English தமிழ்

Share the Article

Many collections of Subramaniya Bharathi’s poets come with his recommendations for which raga they should be sung in. Many of the songs sung today are set in ragas different from his recommendation, but, in his time, there was a Carnatic musician who earned Bharathiar’s praise for the way he sang the poet’s songs. Born Nallappasami Pandian, better known as Vilathikulam Samigal, Bharathiar would show his appreciation with the words, “Bale! Pandia”.

Born in 1889, Vilathiluam Samigal hailed from the Kaadalkudi Zamindar family and mastered Carnatic music purely by effort and hours of practice. This self-taught musician was a legend when it came to Raga Karaharapriya just like Thiruvavaduthurai Rajarathinam Pillai was for Raga Thodi.

Samigal saw music in everything starting from the honking of the steam locomotive to the horn of factories that were coming up in the region those days. According to him, the world revolved in a perfect rhythm and nature brimmed with the sound of music. Tamilisai scholar V P K Sundaram recalls one such incident from Samigal’s life. “Vilathikulam Samigal went to the agricultural fields once and was overwhelmed by the sounds from nature. Music was in the air everywhere for him and he sang his favourite Karaharapriya Raga for three hours. He realized he had an audience — the women who had come to the fields to cut grass for cattle. Spellbound, they offered him what they brought for food, Ragi balls, and he obliged. His music was for the working class”, said Sundaram.

He realized he had an audience — the women who had come to the fields to cut grass for cattle. Spellbound, they offered him what they brought for food, Ragi balls, and he obliged. His music was for the working class

Vilathikulam Samigal had the distinction of recording Poet Subramanya Bharati’s song ‘Parukkulle Nalla Nadu’ in a gramophone record. A recording company, Broadcast, recorded Bharathi’s song using the voice of Vilathikulam Samigal in 1924. Samigal was also a childhood friend of Bharathi. Samigal used to sing young Bharathi’s poems in and earned his praise.

Not just Bharathi, the fans’ list of Vilathikulam Samigal was a bit lengthy. It included big names like V V S Aiyar, Konerirajapuram Vaidyanatha Iyer, Mariappa Samigal, Madhurakavi Baskara Das, Rajarathinam Pillai, T K Chidambara Mudaliyar, Kirubananda Variyar, K P Sundarambal, Thyagaraja Bhagavathar and writers like K Alagirisami, K Rajanarayanan and many more.

Vilathikulam Nallappa Sami Pandian

It is intriguing why Vilathikulam Samigal chose Karaharapriya as his signature raga. He had revealed the reason once to  Vellore Sambandhamoorthy Achariyar that Karaharapriya was the Raga the ancient Panas (court musicians) of the Sangam era taught to aspiring musicians who wanted to learn music from them. It was called Kodipalai then.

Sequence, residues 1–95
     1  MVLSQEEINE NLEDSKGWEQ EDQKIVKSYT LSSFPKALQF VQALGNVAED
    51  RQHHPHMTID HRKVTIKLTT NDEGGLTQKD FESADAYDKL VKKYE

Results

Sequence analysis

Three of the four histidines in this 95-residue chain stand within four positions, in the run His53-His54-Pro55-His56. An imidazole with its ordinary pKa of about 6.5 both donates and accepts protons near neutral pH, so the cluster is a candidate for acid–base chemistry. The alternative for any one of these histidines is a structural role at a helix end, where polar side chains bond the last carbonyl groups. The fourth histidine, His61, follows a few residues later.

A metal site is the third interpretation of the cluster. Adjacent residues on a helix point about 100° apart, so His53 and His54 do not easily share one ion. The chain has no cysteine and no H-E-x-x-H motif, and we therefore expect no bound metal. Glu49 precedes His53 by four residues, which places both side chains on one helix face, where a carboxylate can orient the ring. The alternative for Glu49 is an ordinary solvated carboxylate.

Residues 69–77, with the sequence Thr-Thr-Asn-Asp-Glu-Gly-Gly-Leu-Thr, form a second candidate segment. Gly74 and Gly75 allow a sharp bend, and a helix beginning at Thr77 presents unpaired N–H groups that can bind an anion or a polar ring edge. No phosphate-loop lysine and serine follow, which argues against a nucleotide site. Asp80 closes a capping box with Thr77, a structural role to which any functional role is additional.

It is intriguing why Vilathikulam Samigal chose Karaharapriya as his signature raga. He had revealed the reason once to  Vellore Sambandhamoorthy Achariyar that Karaharapriya was the Raga the ancient Panas (court musicians) of the Sangam era taught to aspiring musicians who wanted to learn music from them. It was called Kodipalai then.

Vilathikulam Samigal had earned a name for handling any raga of Carnatic music with ease. He also had the reputation of finding something new in that raga to sing every time. The creativity he weaved into the raga was a one-time affair and he would not repeat it. Not just Karaharapriya, his forte, but he was also meticulous when it came to Ragas like Thodi, Bhairavi, Shanmugapriya, Hindolam, Sankarabharanam and Charukesi. He would also use Ragas that were not common, namely Kanaganangi, Rathnangi, Vagatheeswari, Soolini and Yagapriya. Impressed by this feat, famous musician Thiruvananthapuram Lakshmana Pillai penned a short poem on Vilathikulam Samigal. The poem goes like this, ‘there is no match for Nallappa Samigal (Vilathikulam Samigal) just like there is no match for peacock in beauty and a cuckoo for voice’.

Vilathikulam Samigal would sing Sankarabharanam and Hindolam ragas in Western-style much to the awe of his audience. He saw and approached daily life from the musical point of view. He would compare everything to music. For instance, if the side dishes while dining were not up to the mark, he would say that the accompaniment was not satisfactory.

Vilathikulam Samigal’s friendship with Madhurakavi Baskara Das was noteworthy. They were contemporaries and very close friends who enjoyed each other’s company very much. The otherwise introverted Samigal would spend hours chatting with Baskara Das and it usually revolved around music and drama. On a few occasions, Baskara Das conducted dramas and used the money collected to support Samigal financially.

As a concluding note, we should pause a moment and thank the erstwhile Broadcast recording company for recording Vilathikulam Samigal’s voice. Else, we would have missed Vilathikulam Samigal’s truly magnificent voice.


Share the Article